Yuki Yamakawa jumped.
The world record for a standing high jump (she looked it up) was six feet and change. She could match that without breaking a sweat.
Jirô’s roundhouse right parted the air beneath her feet. This time she’d really ticked him off. As she’d intended. She just thought he’d be better at picking his fights.
Well, if he didn’t know it before, she’d be sure to teach him that lesson now.
Yuki turned her torso through the sky with the grace of a gymnast doing a dismount at the end of her floor exercises. A full three-sixty accompanied by a half-rotation twist. The top of her head brushed his. She wasn’t trying to show off. Okay, maybe a bit. Once the pushing and shoving got past the pushing and shoving stage, calling up a bit of the wolf in her was the best way to keep from bloodying him too much. Or breaking bones.
Uncle Hiroki wouldn’t like that. “Don’t leave any marks,” was his version of fatherly advice, when “Try not to get us sued, okay?” didn’t have the desired effect. Uncle Hiroki was a lawyer whose clients had a bad habit of leaving marks. “Because they’re too stupid to think of better ways to settle a dispute or deliver a message.”
Yuki had run out of better ways to deliver this particular message.
She tucked her legs beneath her, planted her feet high on Jirô’s back, shoved off, flipped backwards, and stuck the landing.
Jirô sprawled on the dusty loam of the Omiya High School baseball infield.
He should have stayed down for the count. Instead he sprang to his feet, whirled around and charged. Yuki felt the rhythm of his feet pounding against the ground, measured his gait and distance—
The kid had a considerable advantage in height yet not the slightest idea how to use it, and not enough heft to bowl her over like a sumo wrestler. He was a prematurely big dog who let big do all the thinking for him. Except she could make an actual big dog her best friend in an afternoon. Precisely because a big dog didn’t know its own pedigree. Once a dog learned its place in her world, that dog didn’t forget.
Jirô Onodera knew his own pedigree only too well. His family had connections. Lots of connections. That meant the rest of them—from the first years right up to the teachers—were supposed to shake off his crap like a dirty dog shaking off a mud bath, making sure none of it landed back on him.
Yuki was going to make sure all of it landed back on him.
Instead of going high, she ducked low, shifted her weight back and swung her right leg at a rising angle. She did take some of her uncle’s advice to heart. Instead of driving the toe of her sneaker into his solar plexus, she connected instead with the smooth arc of her instep.
The air went out of him like a punctured beach ball. He collapsed to the ground on his hands and knees.
No, Jirô wasn’t a big dog. Yuki thought too highly of dogs to stick with that comparison. He was one of those volcanic mud pools in Beppu (the rare class trip that had been worth the bother), all that erupting energy splattering everybody around him.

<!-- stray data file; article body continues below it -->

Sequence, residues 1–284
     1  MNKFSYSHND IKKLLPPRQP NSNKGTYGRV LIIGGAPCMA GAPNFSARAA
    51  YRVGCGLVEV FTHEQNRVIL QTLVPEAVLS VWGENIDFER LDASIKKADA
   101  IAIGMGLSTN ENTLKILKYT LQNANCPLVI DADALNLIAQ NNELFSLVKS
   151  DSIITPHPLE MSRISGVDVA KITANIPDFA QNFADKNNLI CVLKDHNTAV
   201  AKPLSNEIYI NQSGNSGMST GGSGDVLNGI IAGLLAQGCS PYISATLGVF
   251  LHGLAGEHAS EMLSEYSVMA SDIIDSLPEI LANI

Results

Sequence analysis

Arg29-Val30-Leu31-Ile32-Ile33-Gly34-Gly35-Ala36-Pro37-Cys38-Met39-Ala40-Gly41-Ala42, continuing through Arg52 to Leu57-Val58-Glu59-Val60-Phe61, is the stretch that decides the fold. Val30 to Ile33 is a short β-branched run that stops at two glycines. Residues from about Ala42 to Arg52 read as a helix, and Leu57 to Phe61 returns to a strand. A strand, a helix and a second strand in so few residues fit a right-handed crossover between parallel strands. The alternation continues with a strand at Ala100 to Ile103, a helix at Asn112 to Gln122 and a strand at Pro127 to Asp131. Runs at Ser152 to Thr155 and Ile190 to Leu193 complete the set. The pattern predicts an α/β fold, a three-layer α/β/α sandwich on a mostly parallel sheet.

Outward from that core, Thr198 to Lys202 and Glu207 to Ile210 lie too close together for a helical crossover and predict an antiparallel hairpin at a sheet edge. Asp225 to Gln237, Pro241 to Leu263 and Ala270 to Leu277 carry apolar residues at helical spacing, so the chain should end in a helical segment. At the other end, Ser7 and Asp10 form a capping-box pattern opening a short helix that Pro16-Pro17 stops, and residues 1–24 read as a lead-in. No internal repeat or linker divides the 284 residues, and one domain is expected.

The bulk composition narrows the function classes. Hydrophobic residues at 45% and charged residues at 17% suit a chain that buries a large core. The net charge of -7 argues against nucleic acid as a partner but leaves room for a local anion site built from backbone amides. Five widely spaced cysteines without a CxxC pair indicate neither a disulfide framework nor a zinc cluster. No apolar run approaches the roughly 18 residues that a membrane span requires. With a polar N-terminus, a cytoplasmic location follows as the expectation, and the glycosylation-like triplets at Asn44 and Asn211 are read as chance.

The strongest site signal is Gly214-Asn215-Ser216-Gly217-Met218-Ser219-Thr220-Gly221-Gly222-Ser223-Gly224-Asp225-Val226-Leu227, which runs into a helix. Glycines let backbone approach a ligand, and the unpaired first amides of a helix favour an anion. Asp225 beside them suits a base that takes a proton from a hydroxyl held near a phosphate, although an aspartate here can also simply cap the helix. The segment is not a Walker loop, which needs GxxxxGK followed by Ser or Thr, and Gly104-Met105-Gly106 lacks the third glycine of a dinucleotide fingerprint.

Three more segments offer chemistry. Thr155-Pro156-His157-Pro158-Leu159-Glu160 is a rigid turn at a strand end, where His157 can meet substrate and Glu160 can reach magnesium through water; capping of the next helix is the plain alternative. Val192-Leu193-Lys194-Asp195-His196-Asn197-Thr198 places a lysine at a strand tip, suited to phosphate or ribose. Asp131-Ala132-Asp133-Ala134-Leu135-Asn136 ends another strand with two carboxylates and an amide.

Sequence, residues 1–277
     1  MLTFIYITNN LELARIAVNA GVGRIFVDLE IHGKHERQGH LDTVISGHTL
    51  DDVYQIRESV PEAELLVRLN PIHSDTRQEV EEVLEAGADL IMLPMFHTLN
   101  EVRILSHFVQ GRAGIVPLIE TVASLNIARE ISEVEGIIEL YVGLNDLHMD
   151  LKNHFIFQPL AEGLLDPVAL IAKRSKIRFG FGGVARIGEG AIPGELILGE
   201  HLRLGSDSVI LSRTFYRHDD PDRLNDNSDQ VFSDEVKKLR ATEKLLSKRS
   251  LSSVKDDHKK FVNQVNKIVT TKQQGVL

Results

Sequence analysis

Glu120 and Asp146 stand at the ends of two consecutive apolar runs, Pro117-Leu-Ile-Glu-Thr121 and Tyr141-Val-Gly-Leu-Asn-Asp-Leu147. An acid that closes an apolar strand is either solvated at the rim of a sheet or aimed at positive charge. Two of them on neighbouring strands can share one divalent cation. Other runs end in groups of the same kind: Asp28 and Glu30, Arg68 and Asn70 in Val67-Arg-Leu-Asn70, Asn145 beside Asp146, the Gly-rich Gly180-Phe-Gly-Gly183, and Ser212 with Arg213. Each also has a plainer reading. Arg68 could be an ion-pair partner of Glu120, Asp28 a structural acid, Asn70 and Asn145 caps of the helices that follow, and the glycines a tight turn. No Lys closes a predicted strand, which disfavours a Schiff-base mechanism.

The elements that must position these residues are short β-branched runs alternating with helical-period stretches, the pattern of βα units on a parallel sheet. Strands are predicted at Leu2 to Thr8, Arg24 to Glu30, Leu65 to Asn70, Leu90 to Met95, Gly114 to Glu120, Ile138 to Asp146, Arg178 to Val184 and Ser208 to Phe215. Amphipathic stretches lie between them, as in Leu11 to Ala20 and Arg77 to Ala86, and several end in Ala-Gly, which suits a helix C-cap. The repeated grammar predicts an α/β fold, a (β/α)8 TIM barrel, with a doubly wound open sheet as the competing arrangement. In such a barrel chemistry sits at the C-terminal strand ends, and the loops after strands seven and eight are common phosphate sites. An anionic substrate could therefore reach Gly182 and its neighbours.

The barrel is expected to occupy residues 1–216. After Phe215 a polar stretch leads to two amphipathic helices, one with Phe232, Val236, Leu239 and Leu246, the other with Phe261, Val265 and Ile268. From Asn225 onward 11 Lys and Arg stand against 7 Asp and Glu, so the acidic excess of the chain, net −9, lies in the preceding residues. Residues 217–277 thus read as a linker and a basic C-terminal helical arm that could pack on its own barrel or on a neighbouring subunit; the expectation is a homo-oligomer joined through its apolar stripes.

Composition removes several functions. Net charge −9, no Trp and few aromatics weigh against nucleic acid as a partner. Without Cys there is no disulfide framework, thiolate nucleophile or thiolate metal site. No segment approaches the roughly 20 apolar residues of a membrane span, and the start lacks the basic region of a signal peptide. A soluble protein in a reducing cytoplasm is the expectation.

She walked over and squatted down next him, bôsôzoku biker style, forearms resting on her knees, feet flat on the ground.
“Hey! Jirô! You need to sign up at a dojo and learn how to fight. Because you damn sure don’t know how. But you never fight anybody who fights back, huh? Until now.”
He glared at her out of the corners of his eyes. “That’s Jirô Senpai to you,” he wheezed.
How dare she address an upperclassman without attaching the required honorific? Yeah, he was all about the respect, didn’t they all know.
There was nothing wrong with a name like Jirô, but maybe being labeled Number Two Son from birth was a chip too heavy for his shoulders to bear. For all she knew, Number One Son was an even bigger asshole and his little brother was only living up to the example.
“Look,” she said, “I kinda get where you’re coming from. I don’t care for doormats either. Kids who never stand up for themselves, who never take their lumps, who run away from every fight. I don’t like them, but I really hate the jerks who walk all over them. Think beating up cowards makes you a tough guy? Well, Senpai, how tough are you feeling right now?”
She stood and walked away.
Yuki almost reached the first base line when Jirô dragged himself to his feet and bum-rushed her from behind.
She didn’t turn around. She didn’t have to look—still leading with his right. He really was Mr. One-Punch Man. Because in real life, when some slack-jawed idiot threw the first punch, few knew how to throw the second. One hit and they went down like a sack of rice, curled into a ball, and waited for the storm to blow over.
This far in his life, he’d never had to count past one.
The knuckles of his fist touched her right shoulder blade. She dropped her shoulder and took a small step to the side. He tumbled over her thigh, momentum carrying him forward. She grabbed his forearm and elbow and swung down in a counterclockwise arc.
He cartwheeled head over heels, fell on his butt, and slid into first. Too bad Jirô didn’t play baseball. In that game, he would have been safe.